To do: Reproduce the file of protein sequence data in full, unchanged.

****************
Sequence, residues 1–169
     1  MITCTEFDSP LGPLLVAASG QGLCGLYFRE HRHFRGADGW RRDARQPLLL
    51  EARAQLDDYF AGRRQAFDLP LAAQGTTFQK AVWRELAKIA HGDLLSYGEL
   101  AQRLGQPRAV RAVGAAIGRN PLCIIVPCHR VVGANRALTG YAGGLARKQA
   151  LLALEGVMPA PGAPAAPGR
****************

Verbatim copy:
Sequence, residues 1–169
     1  MITCTEFDSP LGPLLVAASG QGLCGLYFRE HRHFRGADGW RRDARQPLLL
    51  EARAQLDDYF AGRRQAFDLP LAAQGTTFQK AVWRELAKIA HGDLLSYGEL
   101  AQRLGQPRAV RAVGAAIGRN PLCIIVPCHR VVGANRALTG YAGGLARKQA
   151  LLALEGVMPA PGAPAAPGR